2. I made sure the old man led the way as he brought us to his cellar, smelling of metal and rust. Diamond and water stones laid on a cutting board that stood at the center of the floor next to a grinding machine. Flickers of light came from openings on the edges of the ceiling. Weaponry, mostly worn and damaged, were stuffed in the corner. A makeshift bed covered entirely by beast fur was stored in the back. “It isn’t much,” he said, “we have very few visitors.” I was too distracted by the mustiness in the air to care for excuses. Barken entered with wandering eyes nodding patiently to the old man, trying to put him at ease as though he needed the reassurance. “Feel free to join us upstairs when you’re ready. I’ll let you two get settled.” Rosco left the room. I pressed my ear to the door, waiting for the sound of his footsteps to fade. I moved close to Barken. “What the hell are we doing?” I said. He turned away. “It’s not like we have a lot of options. Rosco seems genuine, and we’re only staying for one night.” “One night is all it takes for these men to expose us! Why did you tell them we were fugitives in the first place?” “I assumed it wouldn't be an issue! We have no one else to depend on.” I sighed. I went through my packs, checking out my belongings. “What are you doing? “We’re going.” Marching towards the door, I turned back to find Barken still in the same position, staring at the floor. “What are you waiting for?” “There isn’t anywhere for us to go. These could be the only allies we have and you’re asking me to walk out on them? I know it’s your instinct to be cautious, but it’s mine to give trust, and I trust them.” I growled. “Why are you so bent on believing Rosco’s word without question?” “Because I’m scared!” He managed to make me at a loss for words. His eyes glistened. “I can’t make you trust Rosco, but I don’t believe he’s our enemy. He didn’t have to tell me that clairsentients were hunted down here. He didn’t have to stop Gage from revealing us to the neku. If he wanted to, Rosco could’ve turned us in himself before bringing us to his home, introducing us to his granddaughter and son. Does this sound like a traitor to you?” I scoffed. “Give them a chance, please. We’ll only stay for the day and I swear, if you still don’t feel right about it, I’ll leave with you.” “...You won’t fight me on it? If I tell you we need to go, will you come with me?” He hesitated, then nodded. His hand massaged his head as he begin checking out the room. I shook mine in disbelief. Did Barken learn nothing from his attack?! His devotion to our own was powerful, but at times, naive. I had the urge to shake some sense into him. And just when I thought I couldn’t let the subject go, ready to provoke another fight to convince him to leave, I saw the tiredness in my love’s golden eyes. The little girl ventured off elsewhere as Barken and I joined Rosco and the sorry waste of space that was Gage. His eyes, left eyebrow pierced in addition to his septum and the several rings on the edge his ears, threw daggers at us as we ate his beast. I’d wipe that scowl off his face if his father hadn’t been present. The meal was largely eaten in silence. Barken practically ate scraps. “You should eat more,” I said. “I need you to have your energy.” “I’m not hungry.” “Your partner is right,” said Rosco. “Best to eat as much as you can. You don’t know when your next meal will be, where you’re going.” Barken sighed, nibbling some more. Gage’s eyes never turned away from us. “You boys are from Orion, right? What’s it like?” Barken and I exchanged confuddled looks. I didn’t see how he expected us to describe a place we could never leave, not with roll call every night. And what do we compare it to, Tygrus? “Orion,” Barken begin, “I’m sure isn’t much different from anywhere else controlled by Deko. Guards are always around, and many of us are subjected to work camps, like Diego. Openly carrying weapons as well as the use of magic are forbidden.” Rosco and Gage looked to one another. “Illegal to carry weaponry and perform magic?” Rosco asked as though something sour was on his tongue. “That’s preposterous! Our weapons and abilities are our birthrights. You all must’ve been driven wild, forced to subdue yourselves in such a way.” I said, “You’re saying I could be sparring with you one of you with the two daggers in my pack and we wouldn’t be arrested?!” “Hell, we’d all be imprisoned if that were the law.” According to the ones who taught us, being deprived of using our weapons in public kept us from committing violence toward one another, like wild beasts. Being in Tygrus, you get an idea what they’ve been trying to prevent, seeing so much damage from axes and swords on the doors and walls to homes. You’d assume it was the responsibility of the neku, but it was all the doing of the descendants, fighting amongst each other. “What you both running from, anyway?” asked Gage. I rose an eyebrow. “Are you concerned?” He sneered. “I’m concerned for my pa and my little girl. I couldn’t give a rat’s ass about you-” “Gage,” Rosco said his name sternly. “We don’t know them! We don’t know what they’re capable of!” He pushed away his food in disgust. Rosco squeezed his eyes and sighed. “You’re being difficult. If Oneida or myself end up on the run, Ida forbid, would you not want someone to help us? We have to work together. Descendants divided allows Deko to win.” “Work together? Does our brethren watch our back? Protect us? No, they come for our blood, pa, and I’m tired of you endangering us trying to help these men who would have no qualms slitting our throats in our sleep. They’re not worth fighting for, nothing’s worth fighting for. We have dug our own graves, and your bleeding heart only slashes the time we have above ground.” “Gage!” He threw his hands up in frustration. I noted his way too-slender arms. He could be broken like a twig. Barken seemed to tense and I lost my damn appetite. “You’re some piece of work,” I said. The three of them turned their attention to me. Gage’s face contorted. “Diego,” Barken said my name low, trying to stop a fight before it started. I should have apologized in advance, but I’d say he needed to be taken down a notch. “What does that mean?” Gage said. “You slit your own throat when you say there’s nothing worth fighting for. Were you not born to be a warrior?” Gage rose up and postured. “Don’t insult me! You’ve been here for less than a day and you think you know what it’s like? You’ll both get yourself killed.” “...Then why don’t you show him around, Gage,” said Rosco, voice even. He was composed, showed no sign of upset like I was given permission to speak out of line toward his son. Gage’s ears fluttered. “If you feel he’s in over his head, prove it.” Gage bore down on me with this disgusted look, like I was some ball and chain wrapped around his ankle. He doubted my abilities, thought I would be in his way. Good, I wanted to show him I could handle myself better here than he could. He was mistaken to misjudge the Wolf of Orion. The arid air was distinct from Orion. Though it was warmer than usual, the heat didn’t smother, but instead, felt light, like mist. The dry ground cracked and crumbled with every step, giving into the soles of our feet. Plants shaped like spheres and ovals with varying hues of olive, sage, and mint grew throughout. They had needle-like outer skin, painful to touch, sometimes growing ruby red and magenta flowers on their tips. Reptiles slithered and hissed on the ground, crows cried to the sky. There was little interaction among anyone. The few small groups comprised entirely of elementalists who spoke in whispers. Every warrior I saw stood alone. Children were in distinctly large groups and Oneida seemed to gravitate to one, participating in their games. Deko’s guards weren’t present. I was observed by the villagers, analyzed. They smelled my foreignness before looking me in the face, some shoved me wordlessly. One warrior in particular bumped me hard enough in the shoulder to knock me to the side. “Watch where you’re going!” I told one off. “Look ahead, and stop staring,” Gage said to me. He was beside me, head leaned forward, sweeping through with fervor as others made way for him. “They sense you’re on edge. It’s your attitude. They mess with you to test you, it is our way.” I was given instruction like some helpless child. When he turned to me, he gave a cocky smile. My blood boiled. “Where are you taking me?” I asked. Gage took a while to reply. His attention was on the sky. “My father asked me to show you what our home is like. I’m doing just that.” A flower shop came into view that looked to have been deserted for years. At its doorway, I saw a woman with drab garbs and bare feet pacing near the entrance. Her eyes kept turning to the doorway as if anticipating it would swing open, the building would come anew, and the owner would welcome her in with open arms. In contrast, a woman with a blood orange full-length dress and matching headband, the beacon of light in this dingy scene, walked alongside the pacer, holding her child’s hand firmly. The two eyed the woman cautiously, as though she would attack them unprovoked. Children with dried up dirt traveling up their legs and arms roamed aimlessly throughout, their clothing falling off their bone-thin bodies. One child appeared to be requesting something from an adult using an empty metal canister. “Please, you have anything, sir?” he asked. The adult man shrugged and the boy walked away, defeated. He seemed used to disappointment. “How are their children begging on the street?” I asked. “No one in Orion is without food or shelter, we aid those who are without. Elementalists are all around them, anyone could feed them!” “How lucky are we,” Gage said, “to have you around to solve our issues.” The sarcasm that dripped from his tone grated my earlobes. “These children, men, and women you see are what we call the dispensables.” More of these men and women with scraps for clothing appeared around us. The tone of their skins were sickly, their unattended wounds festering. “There are many stories about these people, robbing and killing the ones that shelter and feed them. Some could be true, most fiction. Citizens fear them, but they're the least of their worries. Portions of Tygrus are overrun by thugs pushing their weight around and terrorizing the populace.” “Thugs?” Gage nodded. “No one, not even the neku, addresses them. You see the deserted children? These thugs are the only ones who care for them, offering them food and a place to sleep so long as they work under them. Providing for these children is interpreted as disrespect, so others try to limit their interactions with them. Believe it or not, desperation doesn’t always produce unity among the oppressed. ‘Descendants working together against Deko.’ Tell me brother, would you seek to liberate these foul beings?” The edge in Gage’s voice came out clearly amidst the cacophony of sounds around us. Arguments between citizens, the metal sounds coming from the weaponry they carried, dragging feet. This place was a wasteland. “Off with you, disgusting child.” We heard the commotion as we came forward. An adult woman was speaking roughly to a child, then kicked her away. I felt my hands fidget, angered by the injustice. I flounced towards them, only to have Gage grab me by shoulder. “This is one of those times when you ought to look the other way.” My eyes narrowed. I could’ve beat him down right then and there. Did he not care or was it cowardice? I removed his hand from me and kept on. The young girl wiped herself off on the ground, her face looking rough. I called to the woman, “What the hell is wrong with you? How could you strike a child, what has she done to you?” “Mind your own,” she countered, shooing me away and turning her back. I jerked her around to face me again. She stared in wonder, shocked by my gall. “Just because she is a child doesn’t give you the right to treat her as you please.” “G-get away from me!” Gage was at my back. “You’ll attract attention. Let the woman go.” “Hell I will!” I twisted my head to face him. “You can sit here and watch these people disregard these children, treating them like trash. But I won’t, someone must defend them.” A few descendants witnessed our tiff. They didn’t interfere as they slowly came out of the woodwork becoming spectators. The sadistic oafs among them showed something truly sickening: the thrill of a potential fight. “Did you ignore what I told you earlier? These people can’t intervene-” “Who’re you?” The soft voice came from not too far. Everyone and everything hushed. A woman, joined by a group of other descendants, walked themselves towards us. She had a spear in hand, bald with lime green skin and a two-piece brown armor suit that covered her chest and lower torso. “You’ve done it now,” said Gage. “That woman is Aries, someone you don’t want to cross around these parts.” “Is she one of those thugs you were mentioning?” “Yes, one of the ‘heads.’” Aries said, “Didn’t you hear me?” “I heard you,” I said, facing her. “My name is Diego.” The woman nodded. “You’re not from here, are you?” The others at her side didn’t have their weapons confined to sheaths or their backs, but had them gripped in their hands. I separated myself from Gage and the vile woman I had accosted who melded into the background. Another child aided the little girl who was kicked to the floor. “My goal wasn’t to quarrel with any of you. I address unjustness when I see it.” “Cocky bastard,” said one of Aries’ crew. Aries rose her hand. The crewmember quieted instantly. She removed herself from them, her eyes unwavering as she looked at me. “I commend you for your ‘heroics,’ said Aries. “I hope it was worth your life.” Aries held her spear in both of her hands, weighing it in her palms. She shifted the spear in one arm, then hurled it my way with rapid-fire speed. I moved quickly out of its direction as it pierced into the house behind me. While moving away, my feet slipped on the ground. Water conjured up beneath me, bringing me down on my back and into the puddle. Two warriors rushed over, one with an ax, the other with a sword. My hands felt the water around me. When they reached close, I threw the water toward the axe-wielder, making her stop suddenly while the swordsman charged forward. I pulled out my daggers, recalling immediately that weapon use wasn’t against the law here, and used both to block the sword from coming down on me. “Why do you intervene, Diego?” Aries asked, careless of the fact that I was doing battle with her thugs and was hardly able to focus on her. Her voice had come from the house. I heard metal being yanked, my assumption being that she was retrieving her spear. “Do you plan to feed these children? House them? We’re the best things to happen these ingrates, the only ones keeping them from dying on the streets.” I used my strength to push against the swordsman, lifting myself from the puddle. I thrust hard against him, pushing him to the floor, then the axewoman kicked me back into the puddle. “What alternative do you suggest? Are you in disagreement with our ways? “YES!” I spit out the puddle water that went in my mouth. “They don’t deserve to be treated like trash, regardless of what you do for them. No, I don’t have an alternative, but they sure as hell deserve better than being kicked around asking for food.” The axewoman stood above me and brought down her weapon. I rolled away from the attack and kicked her down to her feet, her axe falling from her hand. I pulled myself up hurriedly, kicking the axe away from her grasp. The swordsman reappeared, swinging his blade horizontally. I jumped back, dodging his wide-reaching swings by inches until one cut grazed against my chest. Gage grunted like he felt my pain for me. The swordsman thrust his weapon at my chest, and I deflected it with my dagger and elbowed his belly. He dropped his sword, then I kneed him in the head. He dropped to the ground motionless. A red-orange glow overcast the scene. My back was burning. Gage screamed, “Watch out!” I turned. A boulder flew towards me, a trail of fire behind it. Fire wrapped around its surface, transforming into a makeshift sun ready to crash into me. I couldn’t see the elementalists who summoned the fireball. I dove to the ground, the smoldering boulder hurling above me. It’s scalding heat seared my back. The boulder made an impact on the home behind me, lighting the entrance on fire. “NO!!!!” The woman who kicked the young girl screamed. The blaze took no time to devour nearly half the house. “YOU’RE DESTROYING MY HOME! PLEASE STOP THIS!” Aries and her crew did nothing, felt nothing. The inferno’s glow reflected in their eyes and you wondered if they were the spawns of Satan himself. I pulled myself up. “You do no one any favors when you take advantage of them for what they lack. You might as well all be under Deko.” A punch collided with the side of my face. It’s brass knuckles stung. I was thrown to the floor again, blood coming from my lips. My hand cradled my jaw, making sure it didn’t dislocate. Above me, the brawler threw another punch. Suddenly, his arm was grabbed. The brawler looked behind him to find Gage. “What are you doing?” he grunted. Gage looked him in the eyes, boldly. “Putting a stop to this.” The boy ceased his attack and backed away a few steps from us. “Are you intervening?” asked Aries, a threatening edge in her tone. “You are Gage, are you not?” “...I am,” he said. Whispers commenced among the onlookers, observing him. “I ask you to excuse this man for his intervening. He doesn’t know our ways, and acted stupidly in defense of the child.” “Stupidly?” I spoke in anger. “I didn’t-” “His indiscretion is my responsibility. Pardon him for his trespass.” The little girl and a few of the children were huddled together in silence, watching us closely. Aries crew looked to her. I heard the woman whose house was burning sobbing in the background, while the onlookers talked amongst themselves. I was shocked to notice the guards had yet to show up. Gage stood calmly facing the thugs. He wasn’t in a defensive posture, wasn’t even remotely guarded in preparation for an unexpected attack that surely could’ve maimed him. It was like he knew they wouldn’t harm him. Aries said to Gage. “Take him out of our sight.” Gage went to me and yanked me up from the ground. “Let’s go,” he said. It didn't feel right. I didn’t even have the chance to assure the children were safe. But my eyes went to the fire that burned behind me. If I continued, who knows how much more damage we’ll cause. I conceded. Gage moved quick, pulling me with him. “Next time he comes around here,” she called to our backs, “his head will end up at the end of my spear.” Sunset was approaching. A surprising coolness took over. Gage took me to the well Barken and I had come from. Mud and dirt were caked on me and blood still dripped from my lips. “Dammit,” Gage said, “had to get yourself into a mess with the thugs, eh? Trying to play hero?” He poured a bucket of water on me. My body was shocked to life. “Fuck! Could you have warned me before-” “You look disgusting. Pa would have my head if I brought you back like this.” His eyes traveled to the cut on my chest, then observed my back. “You heal well, but you’d do better to build tougher skin. I’m sure your other wouldn’t be too happy to see you soiled and pummeled.” “I wasn’t pummeled!” He ignored me and went back to the well. “You took me there. Did you really expect me to do nothing, seeing a child get kicked around mercilessly? I’m not one of you.” Gage threw me a rag. He tugged on a rope, hoisting up another bucket of water under the well’s awning. I hoped to Ida he wouldn’t throw this one on me as well. “No, you aren’t, and you’re lucky I was with you.” I was wiping myself, shivering. A breeze picked up. “How did you stop them, anyway? Old friends of yours?” Gage became silent. He brought the bucket up from the well, carrying it in his arms towards me. “I knew Aries long before she joined that crew, the true dispensables of this forsaken place if you ask me.” He dropped the bucket and looked right at me. “These people, every one of them, are no friends of mine. Those who get close to you only do so to get something out of you. Oneida will find that out for herself when she gets older.” “Do you raise her to believe the world is so bleak?” Gage paused. His stone face shed away to rage that had him shaking as he spoke. “I raise her to be cautious and look out for herself! You all from Orion must’ve lacked that lesson. You make the mistake of worrying about the obvious enemy and pay no mind to the one that’s right under your nose. No one is to be trusted. Pa’s talk of harmony among us is a pipe dream. We will never be one, and I don’t plan to fill my daughter’s head with that utopian nonsense.” He panted, then, realizing how worked up he was, started pacing some. It dawned on me how alike the two of us were, pressured into the impossible task of wanting to keep our loved ones safe in an unpredictable world. Certainly Barken has been on the receiving end of my overprotectiveness more than once, seems Oneida has been on the receiving end of the same. He kept pacing as he continued, “My pa speaks of this grand fight against Deko, one that would be achieved when we descendants finally come together. If you ask me, the fighting that goes on between us is the more imminent problem. Deko didn’t destroy Tygrus. We did.” Gage spent the walk home in silence. We returned to a cooked meal prepared by Rosco who had done some hunting earlier on. Barken had been stuck in the house, telling me had been engaging in mediation. He was in deep thought when I greeted him, paying no mind to the scrapes on my skin when I assured him they were nothing to worry over. The little girl had returned not long after us, bringing in produce for the meal. I hoped she hadn’t seen the scuffle between Aries’ gang and I. “How was your walk with our visitor?” asked Rosco to Gage. Gage and I looked to each other. “It was… uneventful, pa. He came through alright, hmm?” Rosco observed me. He instantly noted the cut on my chest and lip. “Would you agree, young man?” “Y-yes. Gage and I sparred a bit out there, got a few minor cuts.” Gage was narrowing his eyes at me as I spoke. His attention went to his food afterward. “I saw you two,” said Oneida. My heart stopped. Gage spit out his food. “What did you see?” he asked urgently. Rosco and Barken both picked up on his heightened energy. “You two were playing,” she said. Playing? She looked to me before saying, “Sophia says ‘thank you’, for earlier.” “Sophia?” My mind drew a blank. Then I remembered the child who was kicked to the ground by the woman. “Oh, the young girl. If you see her again, let her know that she’s welcome.” Gage’s frown left him. “Good girl, Oneida.” Oneida smiled. I didn’t know how much she saw, but I was fortunate that Gage and Oneida kept secrets. She didn’t reveal much, leaving Gage and I’s excursion hush-hush. Rosco simply shrugged and move don. I took a look outside the window and realized night time had come. Roll call would be occurring in Orion right now, and, oddly enough, the family of three hadn’t moved. Barken finally spoke for the first time that dinner. “To answer your question, from this morning Gage,” he began. Gage lifted his head to look at him. “Diego and I run... because I was accused of illegally using magic. The circumstances of my crime weren’t told to me, and when I demanded to know, I was threatened with death.” Gage’s attention to Barken didn’t sway. Oneida was looking intently at him, didn’t show concern or alarm from the subject being discussed. “I understand you’re hesitance, giving us your trust when you’ve been given many reasons not to. One of our own had done harm to me as well, possibly even concocted this scheme that forced us on the run.” “Another descendant?” asked Rosco. “That’s...unfortunate to hear.” Barken shrugged. “I thought it’d be impossible, being attacked by someone just like me. He was a foreigner… like Diego and I. You learn fast not to assume everyone, everywhere is safe. Diego has told me this over and over, but I can’t forego my faith. I believe in our people.” Rosco shook his head sadly. “All we have is each other. This isn’t the world we wanted you children to inherit, us elders. It’s why we keep fighting, it’s the only way for us to be free! You come to our home, seeing us scrap with one another, dying meaninglessly at the hands of the overseers, and unfortunately, by others like us. Every death is a death too many. The one you witnessed this morning had been the second one in only a few days time. To what end?” Barken’s eyes widened, his demeanor shifting. “A few days? Sir, if you don’t mind me asking, was this murder committed during roll call?” He hesitated. “Yes, an innocent at that.” Barken gaped, looking like he could be sick. I didn’t understand. Gage looked visibly perturbed, watching Barken intensely. Rosco said, “How do you know this? You two have only just arrived here.” Barken ignored the question and pressed on. “There was a guard screaming at the descendant who was killed, correct? Who was behind him, someone who looked to be observing the scene? A bystander?” “I wouldn’t be able to remember these minute details even if I tried. These guards are hardly memorable.” Barken deflated. Was he not telling me something? This bizarre line of questioning didn’t have an apparent end. Rosco looked like he couldn’t make heads or tails of it himself. “The princess.” Gage’s low tone interrupted the silence. “Xandra... She had been there that night.” “Princess?” I said. “Deko’s only child,” said Rosco. “What does she have to do with this?” Barken said, “I would explain if I was able. Last night, I dreamed memories of this woman witnessing the murder of the descendant you speak of. I’ve never met her, and I’ve never been in Tygrus before today. The only way I’d dream of her memories is if I -” He froze. It was as though something in him clicked. “Could this mean - Diego, my lapse in memory, my attack. It must be connected to the princess of Deko somehow!” “Don’t get ahead of yourself, ” I said. “You hardly any memory of the day you were captured.” “But that’s precisely my point! What else could explain me knowing of these things? You heard Rosco, a man died here exactly as I described without being anywhere near the incident. I don’t dream the memories of people I’ve never made contact with.” “Are you suggesting you performed a healing ritual on a neku? You were unconscious the entire time, Barken. What you describe is improbable and senseless. What reason would you have to do something like that?” “Hmm,” hummed Rosco. “Pa?” Gage said in a questioning tone. “What he describes isn’t as far-fetched as it seems. That story was common with clairsentients here, before they disappeared. Captures, no memory of what happened, unexplained visions. Something tells me your run-in with the neku this morning wasn’t an unsystematic event. Whatever happened between you and the one they call Xandra may have put a target on your back, young one.” “Why would these guards capture and kill clairsentients performing healing ceremonies for their own?” Barken asked. “... Because they fear you may have memories that you aren’t supposed to have, that would be detrimental to them. If you’re recalling memories of the princess, my, you have information from one of the closest people to Deko!” Was this all true? Why would these guards target Barken specifically? Or was he chosen at random? Why would a descendant assist with this scheme? Rosco provided us some much-needed clarity to better understand our predicament. Barken’s protection was more necessary than ever, and, if all this were true, he was better off dead than alive in the guards’ eyes. “What can we do?” I asked. “We can’t stay here and we don’t know where to go next. I hate to admit, but I’m not sure how prepared the two of us are to be fugitives, especially if these guards are after Barken because of his connection to the princess.” Rosco seemed concerned, but Gage formed a smirk as though something I said was entertaining. “There better be a reason for that smug smile on your face.” He gave a small laugh. “You underestimate us. We'll train you.”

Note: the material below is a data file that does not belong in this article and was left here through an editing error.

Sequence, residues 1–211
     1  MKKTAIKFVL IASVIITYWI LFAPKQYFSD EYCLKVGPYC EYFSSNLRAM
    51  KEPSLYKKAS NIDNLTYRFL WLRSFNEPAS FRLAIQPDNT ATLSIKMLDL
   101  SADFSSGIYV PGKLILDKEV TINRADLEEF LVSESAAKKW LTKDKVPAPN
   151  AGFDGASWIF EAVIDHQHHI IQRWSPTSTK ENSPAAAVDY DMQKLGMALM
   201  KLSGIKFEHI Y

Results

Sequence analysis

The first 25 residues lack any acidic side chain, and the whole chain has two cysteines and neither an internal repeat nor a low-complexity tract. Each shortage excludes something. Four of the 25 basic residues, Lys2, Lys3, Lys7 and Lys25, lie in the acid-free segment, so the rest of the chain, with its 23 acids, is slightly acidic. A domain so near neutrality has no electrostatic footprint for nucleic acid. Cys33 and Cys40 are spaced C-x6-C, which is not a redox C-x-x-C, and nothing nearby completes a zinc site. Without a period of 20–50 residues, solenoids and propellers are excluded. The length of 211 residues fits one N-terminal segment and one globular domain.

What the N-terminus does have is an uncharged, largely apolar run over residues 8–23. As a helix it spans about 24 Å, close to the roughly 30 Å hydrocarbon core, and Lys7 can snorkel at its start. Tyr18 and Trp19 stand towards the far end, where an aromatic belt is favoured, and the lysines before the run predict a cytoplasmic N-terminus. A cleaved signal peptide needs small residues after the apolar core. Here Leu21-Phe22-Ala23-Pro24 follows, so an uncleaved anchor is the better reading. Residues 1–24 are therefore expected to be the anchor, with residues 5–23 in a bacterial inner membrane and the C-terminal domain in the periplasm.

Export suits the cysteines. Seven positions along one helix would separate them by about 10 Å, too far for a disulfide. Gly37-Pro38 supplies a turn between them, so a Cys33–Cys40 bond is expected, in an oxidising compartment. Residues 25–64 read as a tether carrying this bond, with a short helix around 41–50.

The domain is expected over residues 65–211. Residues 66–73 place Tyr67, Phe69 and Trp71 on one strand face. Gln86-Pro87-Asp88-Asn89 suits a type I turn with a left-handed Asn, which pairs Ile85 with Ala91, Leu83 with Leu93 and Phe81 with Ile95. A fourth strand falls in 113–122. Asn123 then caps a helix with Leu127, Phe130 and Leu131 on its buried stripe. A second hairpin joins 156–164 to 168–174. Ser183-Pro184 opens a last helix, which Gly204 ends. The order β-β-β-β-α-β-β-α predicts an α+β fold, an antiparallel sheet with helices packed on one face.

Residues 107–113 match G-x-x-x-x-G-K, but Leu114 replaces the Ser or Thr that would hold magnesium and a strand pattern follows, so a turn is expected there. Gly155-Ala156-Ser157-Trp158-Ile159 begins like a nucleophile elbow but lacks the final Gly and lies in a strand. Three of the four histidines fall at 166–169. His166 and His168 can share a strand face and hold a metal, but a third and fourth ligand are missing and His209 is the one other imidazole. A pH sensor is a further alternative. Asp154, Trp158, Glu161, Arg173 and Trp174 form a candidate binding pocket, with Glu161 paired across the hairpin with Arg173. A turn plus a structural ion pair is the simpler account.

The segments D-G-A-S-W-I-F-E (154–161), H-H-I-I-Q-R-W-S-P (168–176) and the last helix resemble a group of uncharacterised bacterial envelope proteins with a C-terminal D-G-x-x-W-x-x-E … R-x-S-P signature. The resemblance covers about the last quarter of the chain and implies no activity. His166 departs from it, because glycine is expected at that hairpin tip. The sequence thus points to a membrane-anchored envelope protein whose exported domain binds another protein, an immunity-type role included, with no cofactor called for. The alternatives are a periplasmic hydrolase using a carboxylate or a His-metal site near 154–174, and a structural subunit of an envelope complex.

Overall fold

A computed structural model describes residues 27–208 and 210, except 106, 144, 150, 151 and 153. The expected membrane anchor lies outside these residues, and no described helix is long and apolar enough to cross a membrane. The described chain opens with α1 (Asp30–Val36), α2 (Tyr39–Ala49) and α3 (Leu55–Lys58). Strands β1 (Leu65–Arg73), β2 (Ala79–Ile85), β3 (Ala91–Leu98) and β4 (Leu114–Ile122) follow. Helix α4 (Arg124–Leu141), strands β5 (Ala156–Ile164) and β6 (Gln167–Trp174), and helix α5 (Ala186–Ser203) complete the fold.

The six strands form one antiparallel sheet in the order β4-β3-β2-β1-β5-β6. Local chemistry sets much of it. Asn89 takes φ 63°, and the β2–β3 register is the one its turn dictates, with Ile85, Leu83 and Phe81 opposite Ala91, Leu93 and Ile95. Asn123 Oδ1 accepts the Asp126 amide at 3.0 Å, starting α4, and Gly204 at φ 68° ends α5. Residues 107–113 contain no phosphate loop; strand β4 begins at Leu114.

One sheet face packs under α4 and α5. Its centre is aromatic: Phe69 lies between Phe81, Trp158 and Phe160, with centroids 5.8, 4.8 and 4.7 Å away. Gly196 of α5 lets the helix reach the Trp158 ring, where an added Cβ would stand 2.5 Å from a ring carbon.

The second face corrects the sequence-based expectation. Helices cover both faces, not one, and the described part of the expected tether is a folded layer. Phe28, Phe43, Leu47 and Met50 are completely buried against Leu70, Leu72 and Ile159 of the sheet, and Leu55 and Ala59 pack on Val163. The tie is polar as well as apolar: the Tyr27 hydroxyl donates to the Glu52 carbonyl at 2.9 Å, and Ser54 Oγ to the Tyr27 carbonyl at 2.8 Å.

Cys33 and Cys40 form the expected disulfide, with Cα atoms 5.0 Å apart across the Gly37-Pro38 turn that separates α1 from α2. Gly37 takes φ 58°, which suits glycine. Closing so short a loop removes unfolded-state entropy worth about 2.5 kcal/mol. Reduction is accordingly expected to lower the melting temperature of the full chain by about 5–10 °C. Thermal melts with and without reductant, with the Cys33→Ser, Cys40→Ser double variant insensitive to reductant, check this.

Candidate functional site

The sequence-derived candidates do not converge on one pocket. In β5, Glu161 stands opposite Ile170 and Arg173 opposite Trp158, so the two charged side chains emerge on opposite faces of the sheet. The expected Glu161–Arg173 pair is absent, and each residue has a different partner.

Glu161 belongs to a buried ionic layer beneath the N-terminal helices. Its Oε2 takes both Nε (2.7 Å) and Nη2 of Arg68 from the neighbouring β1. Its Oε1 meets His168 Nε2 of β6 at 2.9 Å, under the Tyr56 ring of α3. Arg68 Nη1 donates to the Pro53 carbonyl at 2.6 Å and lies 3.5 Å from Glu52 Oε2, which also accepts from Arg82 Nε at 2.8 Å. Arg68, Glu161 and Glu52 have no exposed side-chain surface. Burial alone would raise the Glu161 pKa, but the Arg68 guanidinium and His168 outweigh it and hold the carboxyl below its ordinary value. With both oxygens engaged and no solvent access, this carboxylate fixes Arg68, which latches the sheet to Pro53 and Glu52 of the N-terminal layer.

3. BDANR